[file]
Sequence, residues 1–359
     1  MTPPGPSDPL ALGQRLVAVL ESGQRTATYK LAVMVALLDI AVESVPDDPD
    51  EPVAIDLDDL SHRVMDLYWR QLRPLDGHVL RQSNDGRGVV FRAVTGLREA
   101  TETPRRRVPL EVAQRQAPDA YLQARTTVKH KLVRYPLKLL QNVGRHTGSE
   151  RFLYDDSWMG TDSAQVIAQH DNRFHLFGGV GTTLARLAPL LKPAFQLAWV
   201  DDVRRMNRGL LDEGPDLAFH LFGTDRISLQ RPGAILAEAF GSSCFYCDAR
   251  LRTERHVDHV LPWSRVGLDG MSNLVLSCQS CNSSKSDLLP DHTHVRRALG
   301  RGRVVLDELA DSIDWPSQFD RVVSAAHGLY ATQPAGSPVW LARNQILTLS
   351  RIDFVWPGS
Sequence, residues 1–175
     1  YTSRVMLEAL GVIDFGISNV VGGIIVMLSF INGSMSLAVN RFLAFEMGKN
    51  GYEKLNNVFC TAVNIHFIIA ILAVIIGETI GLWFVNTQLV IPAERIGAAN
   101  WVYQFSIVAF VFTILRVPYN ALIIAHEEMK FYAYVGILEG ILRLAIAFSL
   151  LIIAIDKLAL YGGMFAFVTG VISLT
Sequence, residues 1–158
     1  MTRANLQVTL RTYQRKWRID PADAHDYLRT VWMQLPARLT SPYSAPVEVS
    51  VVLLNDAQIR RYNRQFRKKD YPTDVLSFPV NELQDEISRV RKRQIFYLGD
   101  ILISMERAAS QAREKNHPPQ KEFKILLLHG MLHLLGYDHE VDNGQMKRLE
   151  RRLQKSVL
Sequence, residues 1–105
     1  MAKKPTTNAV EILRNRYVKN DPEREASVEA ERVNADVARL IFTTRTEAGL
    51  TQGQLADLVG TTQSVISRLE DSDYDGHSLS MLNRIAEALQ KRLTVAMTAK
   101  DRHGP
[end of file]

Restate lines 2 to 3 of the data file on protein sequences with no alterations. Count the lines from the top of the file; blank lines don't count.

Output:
     1  MTPPGPSDPL ALGQRLVAVL ESGQRTATYK LAVMVALLDI AVESVPDDPD
    51  EPVAIDLDDL SHRVMDLYWR QLRPLDGHVL RQSNDGRGVV FRAVTGLREA